There are echoes of the past in what’s happening now. One of these echoes is the exclamation that it’s getting more and more like the seventies. It’s a reaction to the turbulence and uncertainty that is all around. Especially when the spectre of inflation and recession is looming over us.

It’s easy to have mixed feelings about that decade. It can be said that the sixties were more revolutionary when it comes to the explosion of progressive attitudes and societal change.

The seventies weren’t a homogeneous period. In Britain, those turbulent 10-years culminated in a major political transformation as Thatcherism kicked-off in 1979. Romanising the seventies is foolish. That’s particularly the case when drawing comparisons between the here and now.

Life expectancy is one indicator[1]. The enormous improvement since the 70s is self-evident. What’s concerning about the situation is being put in jeopardy by a considerable slowing in these figures in recent years.

This chimes with lived experience. I remember pubs so full of smoke that the walls were stained, and a fog hung over the bar. Health and Safety legislation too. Car seatbelts and motorcycle crash helmets all helped reduce early fatalities. Workplaces have improved dramatically. Shivers run down my spin when I consider some of the toxic chemicals that were used in engineering and agriculture.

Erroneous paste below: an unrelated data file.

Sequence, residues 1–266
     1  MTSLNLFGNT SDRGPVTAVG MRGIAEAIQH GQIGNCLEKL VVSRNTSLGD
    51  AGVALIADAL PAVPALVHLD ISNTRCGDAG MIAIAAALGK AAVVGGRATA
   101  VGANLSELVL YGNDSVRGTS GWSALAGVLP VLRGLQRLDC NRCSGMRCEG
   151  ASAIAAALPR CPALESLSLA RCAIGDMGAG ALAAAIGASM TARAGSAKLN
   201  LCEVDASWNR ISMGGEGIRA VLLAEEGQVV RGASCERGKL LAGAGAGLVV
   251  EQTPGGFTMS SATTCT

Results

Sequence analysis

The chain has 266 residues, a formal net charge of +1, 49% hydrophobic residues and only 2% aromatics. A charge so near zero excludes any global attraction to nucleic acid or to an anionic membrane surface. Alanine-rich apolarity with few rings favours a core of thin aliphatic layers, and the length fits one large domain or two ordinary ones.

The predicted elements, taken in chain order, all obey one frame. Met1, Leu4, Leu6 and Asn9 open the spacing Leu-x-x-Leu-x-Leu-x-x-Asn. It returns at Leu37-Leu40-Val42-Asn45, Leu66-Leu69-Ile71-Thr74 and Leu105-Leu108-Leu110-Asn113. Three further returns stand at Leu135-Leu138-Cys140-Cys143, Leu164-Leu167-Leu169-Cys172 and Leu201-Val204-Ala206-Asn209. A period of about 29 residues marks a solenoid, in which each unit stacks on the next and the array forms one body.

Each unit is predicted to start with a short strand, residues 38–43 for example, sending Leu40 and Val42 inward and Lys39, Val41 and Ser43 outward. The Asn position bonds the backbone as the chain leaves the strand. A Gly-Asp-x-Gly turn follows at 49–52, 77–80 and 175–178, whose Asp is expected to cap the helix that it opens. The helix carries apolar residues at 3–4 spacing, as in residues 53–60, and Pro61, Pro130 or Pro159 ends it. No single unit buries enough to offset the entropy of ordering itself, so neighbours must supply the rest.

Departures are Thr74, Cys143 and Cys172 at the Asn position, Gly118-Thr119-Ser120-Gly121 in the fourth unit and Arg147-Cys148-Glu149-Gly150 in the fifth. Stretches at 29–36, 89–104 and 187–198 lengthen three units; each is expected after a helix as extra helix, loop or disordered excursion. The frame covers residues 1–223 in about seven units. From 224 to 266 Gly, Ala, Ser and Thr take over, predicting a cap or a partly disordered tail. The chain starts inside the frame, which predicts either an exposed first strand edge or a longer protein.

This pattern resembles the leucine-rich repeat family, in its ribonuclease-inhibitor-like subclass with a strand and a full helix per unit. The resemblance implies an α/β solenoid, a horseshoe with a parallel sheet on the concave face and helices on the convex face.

No way should anyone sane want to go back to the full 70s experience. That’s not to say there are cultural highlights that made a positive contribution to life in the UK. Punk rock coinciding with the Queen’s jubilee created a world of colour and vitality that has been lacking in the 202os.

Star Wars fans will no doubt cite Star Wars. There were some dam good movies made in the 70s. I’m seeing the mirror ball rotating, as the music from Saturday Night Fever rings in my ears.

On the technology side it was the time when the ground was broken. Microsoft and Apple own their success to the availability of early digital “chips”. A degree of that came from the strides made as the Apollo programme forced the advancement of digital technology. The Cold War played its part too.

On a personal note, motorcycles played a pivotal role in my decade. Growing up in a rural community the importance of mobility cannot be undenied. It was fun. It was freedom. It was exciting. I’d watch, and sometime marshal at road racing, grass track and motocross meetings[2]. I’m only here because a mate pulled me out of the path of an oncoming Laverda[3] side car outfit at a grass track meeting near Mere.

From 1970, to the day 1980 arrived much changed. Summing it up there were better times ahead.

POST: There were better cars ahead too. But I still have affection for my bright red Sunbeam Imp Not a Mini but a Sunbeam Imp | Articles | Classic Motorsports

[1] https://www.ons.gov.uk/peoplepopulationandcommunity/birthsdeathsandmarriages/lifeexpectancies/datasets/nationallifetablesunitedkingdomreferencetables

[2] https://www.acu.org.uk/

[3] https://laverda.club/

Author: johnwvincent

Our man in Southern England

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